New Morning

Bob Dylan

Columbia, 1970

REVIEW BY: Jeff Clutterbuck


We have spent the past two weeks looking at the year 1970, and the more famous events and albums that came to pass during that time. While you had artists like James Taylor begin to ascend, it’s not a jump to say that 1970 is often remembered as the end of an era. The Beatles and Simon & Garfunkel essentially called it quits, releasing their final albums to acclaim but all the while marking the end of the optimism of the ‘60s (musically speaking).

It is a tad amusing then that Bob Dylan releases an album called New Morning, reintroducing America to the man who had come to be a symbol of the counter culture movement. There were some who ended their run in 1970, but Dylan – as he always did – managed to shift direction and keep moving.

To call the late ’60s a time of distress for Dylan would probably be an understatement. A motorcycle accident radically affected the man, and his output was questionable at best. It’s refreshing to hear a Dylan that seems to have remembered what at least set him apart from his contemporaries, albeit not completely mastering his formidable talents.my_heart_sings_the_harmony_web_ad_alt_250

There is certainly a scattershot element to New Morning, which is also a characteristic of the record released four months prior, Self Portrait. Widely regarded as one of Dylan’s worst albums, Self Portrait was poorly received and had many thinking that Dylan was completely finished being a relevant artist. Of course, the thing that has always made Dylan interesting, to say the least, is his complete willingness to do whatever he wanted.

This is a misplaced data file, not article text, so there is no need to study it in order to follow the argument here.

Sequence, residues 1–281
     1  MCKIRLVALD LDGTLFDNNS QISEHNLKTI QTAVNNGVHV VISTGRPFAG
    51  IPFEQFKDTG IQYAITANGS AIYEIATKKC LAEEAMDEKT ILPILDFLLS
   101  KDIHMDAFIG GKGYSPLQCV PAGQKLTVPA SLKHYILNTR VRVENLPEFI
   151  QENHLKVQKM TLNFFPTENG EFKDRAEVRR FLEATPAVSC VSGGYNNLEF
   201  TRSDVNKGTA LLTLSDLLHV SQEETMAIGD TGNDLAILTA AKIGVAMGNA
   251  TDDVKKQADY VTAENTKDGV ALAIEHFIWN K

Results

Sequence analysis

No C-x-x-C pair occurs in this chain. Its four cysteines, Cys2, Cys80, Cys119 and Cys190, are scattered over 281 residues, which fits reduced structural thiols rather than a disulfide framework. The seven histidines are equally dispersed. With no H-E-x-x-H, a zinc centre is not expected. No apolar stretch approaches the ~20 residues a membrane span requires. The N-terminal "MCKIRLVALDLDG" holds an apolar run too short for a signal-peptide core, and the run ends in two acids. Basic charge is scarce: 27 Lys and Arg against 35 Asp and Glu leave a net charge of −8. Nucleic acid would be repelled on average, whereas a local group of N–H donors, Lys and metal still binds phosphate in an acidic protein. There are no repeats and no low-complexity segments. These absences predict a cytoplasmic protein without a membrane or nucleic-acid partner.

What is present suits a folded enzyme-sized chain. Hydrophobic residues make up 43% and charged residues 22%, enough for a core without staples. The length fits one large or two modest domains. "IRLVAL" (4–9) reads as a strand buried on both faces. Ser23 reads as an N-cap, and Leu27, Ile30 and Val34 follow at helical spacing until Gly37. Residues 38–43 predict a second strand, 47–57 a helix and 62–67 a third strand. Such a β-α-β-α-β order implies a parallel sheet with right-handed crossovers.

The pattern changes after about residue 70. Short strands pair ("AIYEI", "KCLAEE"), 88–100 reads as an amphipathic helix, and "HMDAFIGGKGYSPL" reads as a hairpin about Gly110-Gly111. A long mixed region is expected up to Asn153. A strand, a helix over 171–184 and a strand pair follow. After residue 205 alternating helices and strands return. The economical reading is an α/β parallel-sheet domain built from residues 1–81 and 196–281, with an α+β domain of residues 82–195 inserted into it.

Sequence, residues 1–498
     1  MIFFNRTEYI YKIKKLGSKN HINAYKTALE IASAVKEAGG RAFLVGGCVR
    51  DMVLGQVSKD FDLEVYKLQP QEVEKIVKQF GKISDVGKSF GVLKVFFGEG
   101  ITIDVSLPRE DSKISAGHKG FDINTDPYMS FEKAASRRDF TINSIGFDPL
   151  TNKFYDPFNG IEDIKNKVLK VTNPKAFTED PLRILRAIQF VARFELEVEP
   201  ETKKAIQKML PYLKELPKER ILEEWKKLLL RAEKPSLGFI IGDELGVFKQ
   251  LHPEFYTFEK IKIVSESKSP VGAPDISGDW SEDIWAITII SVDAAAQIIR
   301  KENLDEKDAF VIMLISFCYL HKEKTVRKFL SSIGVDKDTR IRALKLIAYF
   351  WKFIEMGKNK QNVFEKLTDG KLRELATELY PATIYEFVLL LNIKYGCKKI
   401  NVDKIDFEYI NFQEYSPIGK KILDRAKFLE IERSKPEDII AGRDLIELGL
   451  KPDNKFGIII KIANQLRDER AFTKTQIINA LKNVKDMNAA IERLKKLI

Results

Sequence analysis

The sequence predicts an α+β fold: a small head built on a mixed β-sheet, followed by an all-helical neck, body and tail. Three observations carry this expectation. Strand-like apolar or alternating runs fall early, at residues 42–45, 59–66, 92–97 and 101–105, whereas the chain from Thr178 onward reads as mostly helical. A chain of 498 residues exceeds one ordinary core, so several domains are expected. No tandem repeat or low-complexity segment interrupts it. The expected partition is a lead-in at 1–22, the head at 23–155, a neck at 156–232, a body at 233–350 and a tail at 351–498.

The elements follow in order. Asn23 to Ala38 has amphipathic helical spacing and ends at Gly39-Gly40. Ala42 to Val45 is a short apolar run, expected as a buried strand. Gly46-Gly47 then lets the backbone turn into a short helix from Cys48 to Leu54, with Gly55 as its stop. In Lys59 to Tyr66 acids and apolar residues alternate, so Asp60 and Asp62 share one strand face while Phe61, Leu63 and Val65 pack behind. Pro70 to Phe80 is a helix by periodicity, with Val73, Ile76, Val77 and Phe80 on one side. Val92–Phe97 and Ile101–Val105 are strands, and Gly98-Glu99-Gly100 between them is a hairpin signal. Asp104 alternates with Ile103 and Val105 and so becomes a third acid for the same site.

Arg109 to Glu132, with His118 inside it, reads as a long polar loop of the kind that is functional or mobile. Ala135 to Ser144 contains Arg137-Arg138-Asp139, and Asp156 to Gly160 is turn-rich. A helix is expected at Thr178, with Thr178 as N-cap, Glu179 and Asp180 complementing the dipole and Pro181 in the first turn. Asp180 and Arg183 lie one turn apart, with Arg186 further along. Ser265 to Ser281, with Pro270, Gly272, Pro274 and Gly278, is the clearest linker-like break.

Really, how else does one explain away the seemingly random selection of “If Dogs Run Free” on New Morning. It’s a mix of jazz/lounge music that doesn’t fit in with any of the rest of the album. There are also still traces of the country music phase Dylan experienced in the late ‘60s (“WInterlude”). It’s clear that the auteur was struggling to regain his balance, so to speak. On the opposite side of the spectrum, the album opener “If Not For You” is a rolling, genuine pop song that deserved to be the lead (and only) single.

New Morning moves along at a brisk pace; there aren’t any Dylan “epics” that populated his albums during his high point of the ‘60s. That said, there are a handful of songs that do capture that energy, and remind the listener of when Dylan’s band was, well, The Band. “The Locusts Sang,” and “The Man In Me” are strong narratives that don’t fail to display that legendary Dylan wit. After spending some time with New Morning, it is the closing track “Father Of Night” that has stayed with me the longest. Apparently, the track is inspired by a Jewish prayer, and while the language is different from that of the actual prayer, it maintains that spiritual quality. Dylan has had varying success when his aspirations have turned skyward, but this is one of those instances where it works.

The seismic changes of 1970 don’t apply to New Morning. In the Dylan oeuvre it definitely ranks above most of his ‘80s output, but it does not reach the same heights as his masterworks. New Morning is not remembered as a passing of an era, nor should it be. It brought Dylan back a measure of credibility he had lost and set the stage for a more consistent road back to form.

Rating: B-

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© 2012 Jeff Clutterbuck and The Daily Vault. All rights reserved. Review or any portion may not be reproduced without written permission. Cover art is the intellectual property of Columbia, and is used for informational purposes only.